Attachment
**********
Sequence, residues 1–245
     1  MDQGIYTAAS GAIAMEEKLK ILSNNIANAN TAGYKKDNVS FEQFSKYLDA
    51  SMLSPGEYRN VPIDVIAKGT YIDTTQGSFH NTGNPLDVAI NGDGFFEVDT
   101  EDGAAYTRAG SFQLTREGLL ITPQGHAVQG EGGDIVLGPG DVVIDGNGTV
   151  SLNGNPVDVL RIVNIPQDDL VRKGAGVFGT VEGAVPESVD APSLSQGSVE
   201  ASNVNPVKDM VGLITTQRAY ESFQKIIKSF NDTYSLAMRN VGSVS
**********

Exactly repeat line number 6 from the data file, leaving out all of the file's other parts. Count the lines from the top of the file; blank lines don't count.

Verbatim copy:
   201  ASNVNPVKDM VGLITTQRAY ESFQKIIKSF NDTYSLAMRN VGSVS